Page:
Today we'll look at The a2 Milk Company Limited (NZSE:ATM) and reflect on its potential as an investment. To be precise, we'll consider its Return On Capital Employed (ROCE), as that will inform our view of the quality of the business.
First up, we'll look at what ROCE is and how we calculate it. Then we'll compare its ROCE to similar companies. Last but not least, we'll look at what impact its current liabilities have on its ROCE.
What is Return On Capital Employed (ROCE)?
ROCE is a measure of a company's yearly pre-tax profit (its return), relative to the capital employed in the business. In general, businesses with a higher ROCE are usually better quality. Overall, it is a valuable metric that has its flaws. Author Edwin Whiting says to be careful when comparing the ROCE of different businesses, since 'No two businesses are exactly alike.
How Do You Calculate Return On Capital Employed?
Analysts use this formula to calculate return on capital employed:
Return on Capital Employed = Earnings Before Interest and Tax (EBIT) ÷ (Total Assets - Current Liabilities)
Or for a2 Milk:
0.47 = NZ$459m ÷ (NZ$1.2b - NZ$209m) (Based on the trailing twelve months to December 2019.)
So, a2 Milk has an ROCE of 47%.
Does a2 Milk Have A Good ROCE?
ROCE can be useful when making comparisons, such as between similar companies. Using our data, we find that a2 Milk's ROCE is meaningfully better than the 8.2% average in the Food industry. We would consider this a positive, as it suggests it is using capital more effectively than other similar companies. Setting aside the comparison to its industry for a moment, a2 Milk's ROCE in absolute terms currently looks quite high.
You can click on the image below to see (in greater detail) how a2 Milk's past growth compares to other companies.
It is important to remember that ROCE shows past performance, and is not necessarily predictive. ROCE can be deceptive for cyclical businesses, as returns can look incredible in boom times, and terribly low in downturns. ROCE is only a point-in-time measure. What happens in the future is pretty important for investors, so we have prepared a free report on analyst forecasts for a2 Milk.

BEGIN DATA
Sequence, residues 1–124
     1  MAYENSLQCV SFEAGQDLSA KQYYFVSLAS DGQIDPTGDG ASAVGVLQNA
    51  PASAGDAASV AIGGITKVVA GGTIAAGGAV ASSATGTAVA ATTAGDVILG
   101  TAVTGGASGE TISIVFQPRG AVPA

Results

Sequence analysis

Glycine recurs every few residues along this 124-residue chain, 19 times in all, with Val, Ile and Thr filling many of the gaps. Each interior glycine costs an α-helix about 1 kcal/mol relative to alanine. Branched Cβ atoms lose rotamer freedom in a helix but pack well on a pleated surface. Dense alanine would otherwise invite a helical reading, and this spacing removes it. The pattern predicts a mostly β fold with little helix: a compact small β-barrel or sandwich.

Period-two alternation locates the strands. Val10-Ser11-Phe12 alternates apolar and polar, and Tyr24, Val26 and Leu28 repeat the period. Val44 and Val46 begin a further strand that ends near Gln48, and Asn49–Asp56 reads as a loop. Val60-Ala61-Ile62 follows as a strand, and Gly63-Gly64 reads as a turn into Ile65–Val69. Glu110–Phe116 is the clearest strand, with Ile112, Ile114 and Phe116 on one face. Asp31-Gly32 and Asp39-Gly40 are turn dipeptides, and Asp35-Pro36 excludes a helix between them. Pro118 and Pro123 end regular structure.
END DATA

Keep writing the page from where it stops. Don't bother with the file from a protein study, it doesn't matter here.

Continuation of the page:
Do a2 Milk's Current Liabilities Skew Its ROCE?
Liabilities, such as supplier bills and bank overdrafts, are referred to as current liabilities if they need to be paid within 12 months. Due to the way ROCE is calculated, a high level of current liabilities makes a company look as though it has less capital employed, and thus can (sometimes unfairly) boost the ROCE. To counteract this, we check if a company has high current liabilities, relative to its total assets.
a2 Milk has current liabilities of NZ$209m and total assets of NZ$1.2b. As a result, its current liabilities are equal to approximately 18% of its total assets. The fairly low level of current liabilities won't have much impact on the already great ROCE.
Our Take On a2 Milk's ROCE
, a2 Milk shapes up well under this analysis, but it is far from the only business delivering excellent numbers . You might also want to check this free collection of companies delivering excellent earnings growth.
For those who like to find winning investments this free list of growing companies with recent insider purchasing, could be just the ticket.
If you spot an error that warrants correction, please contact the editor at email@example.com. This article by Simply Wall St is general in nature. It does not constitute a recommendation to buy or sell any stock, and does not take account of your objectives, or your financial situation. Simply Wall St has no position in the stocks mentioned.
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